Nothing Is Lost Yes, they were reunited, but not as husband and wife. For Jesus said, "When they rise from the dead, they neither marry nor are given in marriage, but are like angels in heaven" (Mark 12:25). There is no human marriage after death. The shadow of covenant-keeping between husband and wife gives way to the reality of covenant-keeping between

1Mrs. Howard Taylor, The Triumph of John and Betty Stam (Philadelphia: China Inland Mission, 1936),

107­108. The child had been hidden and was found by Christians and saved.

Introduction

15

Christ and his glorified Church. Nothing is lost. The music of every pleasure is transposed into an infinitely higher key. Dietrich Bonhoeffer and John and Betty Stam today are closer to each other in love than John and Betty Stam were, or Dietrich and Maria would have been, in marriage. They "shine like the sun in the kingdom of their Father" (Matt. 13:43). Their magnificent perfection points to the glory of Christ. And in the age to come, their bodies will be restored, and all creation will join with the children of God in everlasting joy (Rom. 8:21). As the Crown Makes the King, Marriage Makes One The month after Bonhoeffer's imprisonment, and two years before his death, Bonhoeffer wrote from the military section of the prison at Tegel, Berlin, "A Wedding Sermon from a Prison Cell." His text was Ephesians 1:12: ". . . so that we who were the first to hope in Christ might be to the praise of his glory."

Marriage is more than your love for each other. . . . In your love you see only the heaven of your own happiness, but in marriage you are placed at a post of responsibility towards the world and mankind. Your love is your own private possession, but marriage is more than something personal--it is a status, and office. Just as it is the crown, and not merely the will to rule, that makes the king, so it is marriage, and not merely your love for each other, that joins you together in the sight of God and man.2

The aim of this book is to enlarge your vision of what marriage is. As Bonhoeffer says, it is more than your love for each other. Vastly more. Its meaning is infinitely great. I say that with care. The meaning of marriage is the display of the covenant-keeping love between Christ and his people. This covenant-keeping love reached its climax in the death of

2Dietrich

Bonhoeffer, Letters and Papers from Prison, ed. Eberhard Bethge (New York: Macmillan, 1967), 27. All the quotes from Bonhoeffer on the facing pages of each chapter of this book were taken from Letters and Papers from Prison; Dietrich Bonhoeffer, Life Together (London: SCM Press, 1954); Dietrich Bonhoeffer, The Cost of Discipleship (New York: Macmillan, 1967).

16 Introduction

Christ for his church, his bride. That death was the ultimate expression of grace, which is the ultimate expression of God's glory, which is of infinite value. Therefore, when Paul says that our great and final destiny is "the praise of [God's] glorious grace" (Eph. 1:6), he elevates marriage beyond measure, for here, uniquely, God displays the apex of the glory of his grace: "Christ loved the church and gave himself up for her" (Eph. 5:25). A Strange Way to Start a Book on Marriage Thinking about martyrdom may seem like a strange way to begin a book on marriage. If we lived in a different world, and had a different Bible, I might think it strange. But here is what I read.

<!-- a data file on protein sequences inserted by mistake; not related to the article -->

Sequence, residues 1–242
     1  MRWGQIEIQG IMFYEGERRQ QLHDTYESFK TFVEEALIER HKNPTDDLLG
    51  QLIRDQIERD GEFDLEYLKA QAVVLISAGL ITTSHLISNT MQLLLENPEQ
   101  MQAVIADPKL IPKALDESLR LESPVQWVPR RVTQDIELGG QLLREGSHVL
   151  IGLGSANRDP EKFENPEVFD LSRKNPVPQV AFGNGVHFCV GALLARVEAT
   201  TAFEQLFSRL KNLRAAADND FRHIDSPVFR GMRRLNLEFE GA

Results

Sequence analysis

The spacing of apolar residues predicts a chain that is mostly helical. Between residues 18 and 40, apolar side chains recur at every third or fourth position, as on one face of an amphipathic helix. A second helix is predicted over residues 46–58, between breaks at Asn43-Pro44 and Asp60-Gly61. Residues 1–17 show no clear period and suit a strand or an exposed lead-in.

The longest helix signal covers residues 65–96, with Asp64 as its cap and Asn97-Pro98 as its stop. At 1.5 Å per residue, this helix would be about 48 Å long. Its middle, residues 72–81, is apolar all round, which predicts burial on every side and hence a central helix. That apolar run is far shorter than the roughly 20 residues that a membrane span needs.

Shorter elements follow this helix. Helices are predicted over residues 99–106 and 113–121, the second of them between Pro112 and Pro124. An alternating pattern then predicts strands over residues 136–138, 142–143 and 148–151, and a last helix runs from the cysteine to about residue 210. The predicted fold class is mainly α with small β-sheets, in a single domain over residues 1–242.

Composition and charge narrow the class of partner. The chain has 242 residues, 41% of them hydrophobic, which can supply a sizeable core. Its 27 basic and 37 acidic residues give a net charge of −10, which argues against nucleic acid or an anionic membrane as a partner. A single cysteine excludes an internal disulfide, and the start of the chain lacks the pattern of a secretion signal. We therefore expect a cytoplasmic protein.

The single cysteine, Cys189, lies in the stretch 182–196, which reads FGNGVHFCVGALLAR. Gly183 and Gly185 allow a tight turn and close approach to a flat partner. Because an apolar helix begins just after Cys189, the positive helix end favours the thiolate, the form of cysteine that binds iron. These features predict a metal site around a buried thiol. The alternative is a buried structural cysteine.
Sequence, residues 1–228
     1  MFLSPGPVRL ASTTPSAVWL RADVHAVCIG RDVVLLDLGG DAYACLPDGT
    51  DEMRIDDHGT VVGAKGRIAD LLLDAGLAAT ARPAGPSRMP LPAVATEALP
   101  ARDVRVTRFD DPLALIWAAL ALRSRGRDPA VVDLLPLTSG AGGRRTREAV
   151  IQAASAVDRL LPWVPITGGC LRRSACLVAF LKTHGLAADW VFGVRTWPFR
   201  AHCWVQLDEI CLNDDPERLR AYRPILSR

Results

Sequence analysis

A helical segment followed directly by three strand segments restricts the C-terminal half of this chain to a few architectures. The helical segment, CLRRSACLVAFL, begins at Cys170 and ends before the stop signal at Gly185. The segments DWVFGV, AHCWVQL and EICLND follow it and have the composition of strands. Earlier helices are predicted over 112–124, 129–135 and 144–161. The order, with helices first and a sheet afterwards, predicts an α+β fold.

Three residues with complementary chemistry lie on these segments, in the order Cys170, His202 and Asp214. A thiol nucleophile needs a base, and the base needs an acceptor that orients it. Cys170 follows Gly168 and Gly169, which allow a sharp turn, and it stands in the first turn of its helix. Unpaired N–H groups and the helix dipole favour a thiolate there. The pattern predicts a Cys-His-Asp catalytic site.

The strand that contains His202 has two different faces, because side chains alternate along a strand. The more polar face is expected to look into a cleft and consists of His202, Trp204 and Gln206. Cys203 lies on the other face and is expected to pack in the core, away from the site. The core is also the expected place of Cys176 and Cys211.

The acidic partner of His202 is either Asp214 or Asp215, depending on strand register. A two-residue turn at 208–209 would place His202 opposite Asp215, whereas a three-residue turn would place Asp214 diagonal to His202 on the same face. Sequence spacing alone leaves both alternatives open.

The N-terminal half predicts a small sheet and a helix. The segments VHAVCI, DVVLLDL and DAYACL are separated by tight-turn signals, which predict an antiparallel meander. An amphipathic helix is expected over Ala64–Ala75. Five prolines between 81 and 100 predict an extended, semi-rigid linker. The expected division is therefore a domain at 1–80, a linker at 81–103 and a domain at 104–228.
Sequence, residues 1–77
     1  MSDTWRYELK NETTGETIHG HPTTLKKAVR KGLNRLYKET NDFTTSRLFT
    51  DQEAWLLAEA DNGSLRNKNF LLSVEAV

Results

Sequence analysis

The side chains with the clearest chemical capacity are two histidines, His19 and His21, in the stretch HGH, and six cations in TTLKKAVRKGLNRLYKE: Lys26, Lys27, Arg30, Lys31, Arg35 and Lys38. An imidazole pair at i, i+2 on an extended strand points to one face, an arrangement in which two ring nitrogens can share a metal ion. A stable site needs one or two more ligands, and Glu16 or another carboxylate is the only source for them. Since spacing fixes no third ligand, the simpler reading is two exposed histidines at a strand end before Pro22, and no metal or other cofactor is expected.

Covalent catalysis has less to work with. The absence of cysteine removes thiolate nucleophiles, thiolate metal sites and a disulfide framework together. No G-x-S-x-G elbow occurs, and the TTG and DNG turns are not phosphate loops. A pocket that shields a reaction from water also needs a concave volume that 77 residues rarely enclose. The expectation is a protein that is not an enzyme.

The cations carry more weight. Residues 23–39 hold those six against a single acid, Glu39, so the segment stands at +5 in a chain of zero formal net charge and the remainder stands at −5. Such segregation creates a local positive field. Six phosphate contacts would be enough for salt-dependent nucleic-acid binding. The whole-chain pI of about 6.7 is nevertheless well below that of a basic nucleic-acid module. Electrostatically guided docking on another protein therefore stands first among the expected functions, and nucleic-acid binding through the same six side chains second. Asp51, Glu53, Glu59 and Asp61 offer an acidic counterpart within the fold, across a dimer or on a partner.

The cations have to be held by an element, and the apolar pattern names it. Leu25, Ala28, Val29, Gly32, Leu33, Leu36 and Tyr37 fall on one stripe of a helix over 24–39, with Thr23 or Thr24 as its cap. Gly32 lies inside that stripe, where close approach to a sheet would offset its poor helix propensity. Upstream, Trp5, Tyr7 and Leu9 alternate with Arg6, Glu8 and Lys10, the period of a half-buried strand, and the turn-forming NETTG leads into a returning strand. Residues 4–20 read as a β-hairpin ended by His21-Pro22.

Let those who have wives live as though they had none. (1 Cor. 7:29) "If anyone comes to me and does not hate his own father and mother and wife and children and brothers and sisters, yes, and even his own life, he cannot be my disciple." (Luke 14:26) "Truly, I say to you, there is no one who has left house or wife or brothers or parents or children, for the sake of the kingdom of God, who will not receive many times more in this time, and in the age to come eternal life." (Luke 18:29­30)

I take those verses to mean: Marriage is a good gift of God, but the world is fallen, and sin abounds, and obedience is costly, and suffering is to be expected, and "a person's enemies will be those of his own household" (Matt. 10:36). High romance and passionate sexual intimacy and precious children may come. But hold them loosely--as though you were not holding them. This is what Bonhoeffer represents. To keep his life and meaning before us throughout this book, I will let him speak briefly on the facing pages at the beginning of each chapter. Romance, sex, and childbearing are temporary gifts of God. They are not part of the next life. And they are not guaranteed even for this

Introduction

17

life. They are one possible path along the narrow way to Paradise. Marriage passes through breathtaking heights and through swamps with choking vapors. It makes many things sweeter, and with it come bitter providences. We Made It Marriage is a momentary gift. I have only scratched the surface of its wonders and its wounds. I hope that you will go farther and deeper and higher. As this book is published, Noël and I are passing our fortieth anniversary of marriage. She is God's gift to me--far better than I deserve. We speak often of the wonder of being married till one of us dies. It has not been trouble-free. So we imagine ourselves in our seventies or eighties--when divorce is not only sin, but socially silly--sitting across from each other, perhaps at Old Country Buffet, and smiling at each other's wrinkled faces, and saying with the deepest gratitude for God's grace: "We made it." To those who are just beginning, I simply join Dietrich Bonhoeffer in saying,